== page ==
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Interviewer Effects in the Elicitation of Sexual and Drug Injection Partners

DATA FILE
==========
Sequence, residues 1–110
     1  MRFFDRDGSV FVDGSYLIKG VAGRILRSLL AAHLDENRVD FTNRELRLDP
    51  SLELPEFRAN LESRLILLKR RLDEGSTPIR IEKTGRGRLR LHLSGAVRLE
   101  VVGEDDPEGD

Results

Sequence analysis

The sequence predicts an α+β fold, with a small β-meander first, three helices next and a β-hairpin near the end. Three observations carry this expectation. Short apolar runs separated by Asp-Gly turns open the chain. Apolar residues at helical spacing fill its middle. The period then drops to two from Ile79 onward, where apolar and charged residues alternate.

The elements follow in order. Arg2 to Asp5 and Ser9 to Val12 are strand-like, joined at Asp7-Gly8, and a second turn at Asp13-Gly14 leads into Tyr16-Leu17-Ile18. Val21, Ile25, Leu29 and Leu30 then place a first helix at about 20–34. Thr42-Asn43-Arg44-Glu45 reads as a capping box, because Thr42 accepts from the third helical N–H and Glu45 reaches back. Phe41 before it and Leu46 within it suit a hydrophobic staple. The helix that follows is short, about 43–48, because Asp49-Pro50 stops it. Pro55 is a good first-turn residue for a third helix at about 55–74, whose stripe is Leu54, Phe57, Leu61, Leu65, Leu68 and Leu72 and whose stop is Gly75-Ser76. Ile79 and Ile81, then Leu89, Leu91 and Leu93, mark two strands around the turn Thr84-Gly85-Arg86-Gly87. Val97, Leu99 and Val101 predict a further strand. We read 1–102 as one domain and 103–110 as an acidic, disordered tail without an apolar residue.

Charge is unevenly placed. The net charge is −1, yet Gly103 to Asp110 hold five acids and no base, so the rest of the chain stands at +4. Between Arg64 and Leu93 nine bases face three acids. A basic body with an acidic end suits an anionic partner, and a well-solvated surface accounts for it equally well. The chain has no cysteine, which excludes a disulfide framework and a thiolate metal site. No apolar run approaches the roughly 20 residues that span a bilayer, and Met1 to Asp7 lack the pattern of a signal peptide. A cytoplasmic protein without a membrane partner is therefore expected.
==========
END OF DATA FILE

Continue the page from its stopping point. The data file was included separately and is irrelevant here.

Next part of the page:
Interviewer effects, or variations in interviewee responses associated with interviewers, are not uncommon in survey research. Such effects tend to be more likely when interview questions are open-ended. Indeed, recent research showed moderate interviewer effects in the number of personal network members elicited, with intra-class correlations ranging between .13 and .15 after adjustment for numerous respondent and interviewer characteristics (Marsden, 2003; van Tilburg, 1998). It is crucial that network elicitation be as complete as possible, because most network measures are very sensitive to missing data.Sexual and drug injection networks shape the transmission of sexually transmitted diseases, HIV, and other infections. The elicitation of sexual and drug injection partners involves open-ended questions that are of a sensitive nature, which may increase the likelihood of interviewer effects. Thus, in this project I am assessing the extent to which interviewer effects exist in the elicitation of such partners.The analyses are ongoing and involve multiple data sets from research studies and disease control activities. The results from the first two data sets suggest no interviewer effect on the number of partners elicited (intra-class correlations <= .01). However, there does seem to be a consistent interaction between interviewer sex and interviewee sex, such that more sexual partners are elicited when the interviewer and interviewee are of the same sex. Comprehensive results will be presented for at least three data sets. The discussion will focus on the implications for the collection and analysis of sexual and injection network data.